Wilder Days

It's still "Rose Wilder Lane Week" here at Classical Values. I hope you're as pleased reading these selections as I am presenting them. One thing I've noticed about "The Discovery of Freedom" is that no matter how many inaccuracies I find in it, none detract from the central argument. I hope the rest of you feel the same way.

One thing that puzzled Mrs. Lane was the enduring obstinacy with which people cling to hurtful ways. Much that is hard in this life could be made easy, if only people acted less like themselves and more like saints.

Her eventual conclusion was that people value certainty over results. They want to have explanations, not questions, and they will submit willingly to various types of Authority, and its discontents, to remain in that mental comfort-zone. Essentially, they put their faith in myths, some of which are more effective than others.

Looking around today, I don't see much change. People believe what they believe, and won't thank you over-much for challenging their beautiful theories with ugly little facts. The simple notion that people are free, or ought to be, is still bitterly contested.

Here's Mrs. Lane's once-over-lightly explanation of a popular superstition of her day...

Spengler returns to the intangible Authority. He says the Authority is Civilization. He explains that a Civilization springs (is born? Or hatched?) from a changeless, formless,
Human protoplasm which clings to the surface of the earth, and plows and sows and reaps; this mass is The Eternal Peasant.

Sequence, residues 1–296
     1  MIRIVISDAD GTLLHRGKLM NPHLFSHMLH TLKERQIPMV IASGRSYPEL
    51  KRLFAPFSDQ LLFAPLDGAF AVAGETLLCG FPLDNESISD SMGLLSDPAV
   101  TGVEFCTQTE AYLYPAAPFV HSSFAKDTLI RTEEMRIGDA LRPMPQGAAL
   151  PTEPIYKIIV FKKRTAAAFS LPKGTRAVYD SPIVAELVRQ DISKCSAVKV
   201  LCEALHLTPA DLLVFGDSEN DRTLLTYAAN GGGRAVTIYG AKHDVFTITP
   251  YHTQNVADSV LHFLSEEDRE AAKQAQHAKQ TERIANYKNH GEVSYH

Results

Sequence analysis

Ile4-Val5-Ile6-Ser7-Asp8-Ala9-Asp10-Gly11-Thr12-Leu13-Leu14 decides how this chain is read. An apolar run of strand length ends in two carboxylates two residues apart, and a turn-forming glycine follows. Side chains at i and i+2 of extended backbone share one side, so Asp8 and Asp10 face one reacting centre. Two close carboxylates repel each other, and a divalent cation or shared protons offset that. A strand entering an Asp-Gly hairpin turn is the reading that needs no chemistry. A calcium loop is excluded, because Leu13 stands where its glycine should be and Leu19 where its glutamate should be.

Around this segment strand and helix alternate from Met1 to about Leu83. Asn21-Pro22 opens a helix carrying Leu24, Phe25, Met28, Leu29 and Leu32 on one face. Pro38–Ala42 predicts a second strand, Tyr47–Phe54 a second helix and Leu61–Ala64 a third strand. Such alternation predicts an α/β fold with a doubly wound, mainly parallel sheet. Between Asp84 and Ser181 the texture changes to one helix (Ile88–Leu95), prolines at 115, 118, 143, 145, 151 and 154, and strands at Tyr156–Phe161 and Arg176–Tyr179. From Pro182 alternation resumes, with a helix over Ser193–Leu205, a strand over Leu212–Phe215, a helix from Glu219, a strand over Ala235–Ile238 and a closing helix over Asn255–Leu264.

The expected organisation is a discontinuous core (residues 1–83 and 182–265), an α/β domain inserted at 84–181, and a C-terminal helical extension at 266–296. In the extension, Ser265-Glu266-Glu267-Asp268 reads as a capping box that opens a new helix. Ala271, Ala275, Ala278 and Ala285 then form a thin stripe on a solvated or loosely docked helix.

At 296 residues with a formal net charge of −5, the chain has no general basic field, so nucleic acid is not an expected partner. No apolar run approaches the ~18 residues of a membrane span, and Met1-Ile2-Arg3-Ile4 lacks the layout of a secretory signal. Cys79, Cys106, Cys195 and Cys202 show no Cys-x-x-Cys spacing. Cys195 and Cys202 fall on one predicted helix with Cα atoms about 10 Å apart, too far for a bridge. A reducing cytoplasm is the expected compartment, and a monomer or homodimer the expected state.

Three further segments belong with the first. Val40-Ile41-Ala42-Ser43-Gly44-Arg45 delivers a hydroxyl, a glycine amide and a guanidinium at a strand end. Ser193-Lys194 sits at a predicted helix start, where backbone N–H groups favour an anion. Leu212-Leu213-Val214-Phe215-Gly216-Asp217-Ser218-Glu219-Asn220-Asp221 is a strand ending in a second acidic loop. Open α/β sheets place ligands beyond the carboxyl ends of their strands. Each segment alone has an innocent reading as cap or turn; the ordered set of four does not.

Each Civilization grows up, from infancy to youth to maturity. As an adult , it is Greece, or Rome, or England. Then it grows old and has cancer. The cancer appears as a small, unnoticed city; it grows, it becomes a large city, then a Metropolis. At this stage it is too far advanced for surgery; swiftly it swells into a Megapolis, and kills the civilization.

The helpless human cells in the dying Civilization grow weak, and weaker, losing energy and courage and even desires. The Civilization dies, and they decay into the formless mass, The Eternal Peasant. From this mass another Civilization will spring, to grow up, to grow old, and to die of Megapolis…

Never having read Spengler, I cannot vouch for how closely Mrs. Lane's sketch portrays his work. He may or may not have redeeming subtleties that she doesn't touch upon. I have read Toynbee however, who was allegedly influenced by Spengler, and the idea of civilizations as quasi-organic entities permeates his historical analysis. I think she's got their number.

Certainly, I agree with almost all of the following...

Of course, any American who is not an intellectual knows that this world is not inhabited by gigantic, invisible creatures called Civilizations. He knows that ordinary men and women, using their energies, make a civilization and keep on making it, every day, every hour, and that nothing but their constant, individual efforts can make a civilization and keep it existing.

Here's a more personal, and poignant, illustration of how people can get it wrong. I'll take my leave here and let Mrs. Lane have the last word. The following anecdote takes place in 1928...

When I was living in Albania I had a friend who was one of the finest persons I ever knew. He was an Italian of English ancestry. His mother and his maternal ancestors for many generations had been English. He was fourteen and his brother was nine, when their parents were drowned at sea. The boys had no other near relatives and from that time they were inseparable. They stayed together in schools and universities; they got from the King himself a special permission to do their military service together. They went together to Argentine, and in 1915 returned to join their regiment.